Fall protection can be provide in two ways:
a.) There can be a continuous cable or track that runs the length of the ladder (usually up the centerline) with a special trolly attachment that ties to the front of the worker's fall protection harness.
b.) There can be a retractable fall arrest lanyard secured above the top of the ladder way that attaches to the back of the worker's fall protection harness.
Since the worker has to transfer backwards from the ladder onto the catwalk near the top, the retractable fall restraint would probably be the safer solution. Otherwise, the worker would be required to attach a secondary lanyard to the catwalk fall protection anchorage point before he could disconnect the front trolley and he would have to do that while standing on the ladder.
At the top of the ladder you can see that there is a fire sprinkler pipe crossing the travel path of the worker. This would have to be repositioned to provide proper clearance for the ladder cage. Right above the sprinkler pipe is the end of the Loading Gallery catwalk, which would also have to be moved back to allow a clear passageway. Fortunately, I had on my hard-hat when I climbed this ladder -- when I reached the sprinkler pipe I hit my head hard enough to dislodge the inner suspension. Had I not been wearing the hard-hat it could have knocked me out or made me lose my grip on the ladder.
A secondary problem with this stage design is that a full fly house really should have a Lower Loading Gallery in addition to the Upper Loading Gallery. The Lower Loading Gallery is typically situated about 10-12 feet (~4m) below the Upper Loading Gallery so that weights can be added / removed from the counterweight carriage (arbor) when the batten is about the height of a backdrop and/or scenery flat.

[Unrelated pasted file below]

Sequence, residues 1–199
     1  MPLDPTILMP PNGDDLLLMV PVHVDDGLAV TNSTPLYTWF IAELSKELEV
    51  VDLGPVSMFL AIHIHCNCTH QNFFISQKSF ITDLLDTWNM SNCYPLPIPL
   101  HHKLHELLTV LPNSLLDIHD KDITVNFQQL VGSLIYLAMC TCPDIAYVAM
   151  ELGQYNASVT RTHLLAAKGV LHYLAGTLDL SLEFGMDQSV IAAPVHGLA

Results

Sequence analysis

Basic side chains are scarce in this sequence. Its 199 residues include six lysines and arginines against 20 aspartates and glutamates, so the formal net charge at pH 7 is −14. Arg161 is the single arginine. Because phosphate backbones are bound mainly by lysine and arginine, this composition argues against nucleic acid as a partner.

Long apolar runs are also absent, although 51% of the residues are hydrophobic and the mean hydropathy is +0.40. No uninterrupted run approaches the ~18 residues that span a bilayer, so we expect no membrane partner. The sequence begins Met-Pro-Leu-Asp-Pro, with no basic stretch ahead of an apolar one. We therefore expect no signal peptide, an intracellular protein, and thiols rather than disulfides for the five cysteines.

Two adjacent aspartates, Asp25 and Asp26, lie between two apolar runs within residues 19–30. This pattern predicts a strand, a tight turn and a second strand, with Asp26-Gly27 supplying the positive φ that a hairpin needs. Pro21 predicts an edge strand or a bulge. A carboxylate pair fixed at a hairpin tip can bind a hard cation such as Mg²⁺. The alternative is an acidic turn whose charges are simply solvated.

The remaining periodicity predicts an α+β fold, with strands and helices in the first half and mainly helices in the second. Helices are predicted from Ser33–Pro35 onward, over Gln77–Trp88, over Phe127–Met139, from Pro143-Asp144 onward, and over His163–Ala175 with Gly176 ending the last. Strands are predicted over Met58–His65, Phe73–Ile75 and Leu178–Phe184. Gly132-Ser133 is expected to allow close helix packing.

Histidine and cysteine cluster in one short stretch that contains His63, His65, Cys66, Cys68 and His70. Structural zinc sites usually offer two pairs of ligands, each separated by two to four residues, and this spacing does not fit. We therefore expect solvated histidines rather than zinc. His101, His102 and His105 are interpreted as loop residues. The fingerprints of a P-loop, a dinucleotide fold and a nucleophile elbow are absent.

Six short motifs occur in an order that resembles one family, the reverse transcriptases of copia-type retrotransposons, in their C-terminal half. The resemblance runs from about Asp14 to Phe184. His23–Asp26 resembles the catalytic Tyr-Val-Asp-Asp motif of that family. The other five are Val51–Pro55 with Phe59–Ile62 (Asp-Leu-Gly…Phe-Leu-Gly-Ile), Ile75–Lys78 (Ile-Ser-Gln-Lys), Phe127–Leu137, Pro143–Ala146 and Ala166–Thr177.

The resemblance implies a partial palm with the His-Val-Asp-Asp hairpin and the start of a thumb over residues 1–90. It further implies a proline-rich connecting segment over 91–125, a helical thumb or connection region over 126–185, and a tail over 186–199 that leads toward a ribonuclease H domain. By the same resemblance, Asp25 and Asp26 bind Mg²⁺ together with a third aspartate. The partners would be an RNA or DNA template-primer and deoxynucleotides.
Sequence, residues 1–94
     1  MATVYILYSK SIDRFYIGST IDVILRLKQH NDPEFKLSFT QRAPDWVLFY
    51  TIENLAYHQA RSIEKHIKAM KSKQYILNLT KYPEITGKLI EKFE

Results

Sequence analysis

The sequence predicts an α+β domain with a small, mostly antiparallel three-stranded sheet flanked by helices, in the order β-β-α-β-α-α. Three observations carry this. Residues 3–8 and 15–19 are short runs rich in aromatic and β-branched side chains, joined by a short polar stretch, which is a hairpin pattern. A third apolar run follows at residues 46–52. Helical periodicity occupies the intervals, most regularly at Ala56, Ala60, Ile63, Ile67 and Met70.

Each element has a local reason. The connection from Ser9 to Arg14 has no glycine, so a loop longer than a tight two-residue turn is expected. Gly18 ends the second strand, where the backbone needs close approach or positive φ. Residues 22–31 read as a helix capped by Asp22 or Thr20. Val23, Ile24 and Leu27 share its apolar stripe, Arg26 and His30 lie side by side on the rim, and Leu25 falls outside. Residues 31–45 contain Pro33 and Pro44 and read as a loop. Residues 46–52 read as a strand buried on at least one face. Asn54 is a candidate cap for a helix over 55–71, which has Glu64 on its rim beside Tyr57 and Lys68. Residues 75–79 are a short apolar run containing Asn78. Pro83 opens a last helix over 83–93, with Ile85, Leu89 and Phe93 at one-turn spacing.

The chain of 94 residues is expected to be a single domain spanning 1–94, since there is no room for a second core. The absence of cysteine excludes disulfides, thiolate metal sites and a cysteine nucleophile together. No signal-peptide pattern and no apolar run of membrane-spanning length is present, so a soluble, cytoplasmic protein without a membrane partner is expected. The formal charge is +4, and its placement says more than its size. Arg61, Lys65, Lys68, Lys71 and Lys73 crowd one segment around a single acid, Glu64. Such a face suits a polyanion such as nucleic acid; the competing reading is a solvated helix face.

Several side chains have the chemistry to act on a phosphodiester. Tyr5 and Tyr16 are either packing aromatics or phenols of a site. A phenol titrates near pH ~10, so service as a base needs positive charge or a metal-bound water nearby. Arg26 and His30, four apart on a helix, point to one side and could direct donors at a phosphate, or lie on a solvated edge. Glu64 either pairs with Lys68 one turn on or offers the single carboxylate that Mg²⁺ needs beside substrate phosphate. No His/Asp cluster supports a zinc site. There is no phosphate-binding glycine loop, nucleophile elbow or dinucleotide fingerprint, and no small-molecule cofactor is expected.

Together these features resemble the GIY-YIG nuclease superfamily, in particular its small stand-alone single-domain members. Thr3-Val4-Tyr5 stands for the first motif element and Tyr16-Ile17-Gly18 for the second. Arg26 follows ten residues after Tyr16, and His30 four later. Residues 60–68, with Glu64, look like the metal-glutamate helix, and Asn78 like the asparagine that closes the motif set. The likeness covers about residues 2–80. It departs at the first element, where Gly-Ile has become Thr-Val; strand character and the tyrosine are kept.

Of course, once the ladder has a cage around it and the end of the catwalk is repositioned, it will need a safety gate at the catwalk to keep someone from inadvertently stepping-off into the open hole. Something like this (from a different facility):
If you look closely you will see several interesting items in this picture:
- On the left side (on stage), there is a railing that meets the 4" sphere rule (as if there was going to be a baby crawling around up there !? I guess they figured it was OK if the baby crawled under the safety gate . . .). There should be a steel plate or mesh that extends up about the 18-24" level to prevent the unused ( stored) counterweights from spilling over onto the stage floor below. Also note the 'stored' counterweight left along the off-stage side of the catwalk as a trip-hazard.
- The on-stage side railing is also about 40" tall, enough to keep you from falling over it. A 42-48" railing would be more appropriate here.
- On the right side (off stage, toward the counterweight arbors) there are railings at 8", 24", and 40". Just enough of them to keep you bonking your head as you try to man-handle the counterweights. There is not any OSHA required fall protection anchorage to allow the worker to wear a fall protection harness and safely lean-over the railing and do their work.
- The floor of the Loading Gallery is fabricated from open pattern bar grate, which acts like a cheese grater on your knees when you kneel down on it. It is also open weave, so any grit on your shoes gets scrubbed-off and drops onto the crew working below you. A better solution is to have a closed floor decking (sheet metal) that has a dense rubber mat on it. This provides a non-slip surface, is quieter when setting-down counterweights, and keeps the grit from raining down on those below.
- And the coup de grâce is that there is not an Index Strip Light at this level, so you are working in the dark (all that light you see is from the camera flash). There wasn't any emergency lighting packs either, so if you get caught up there in the dark, good luck getting down!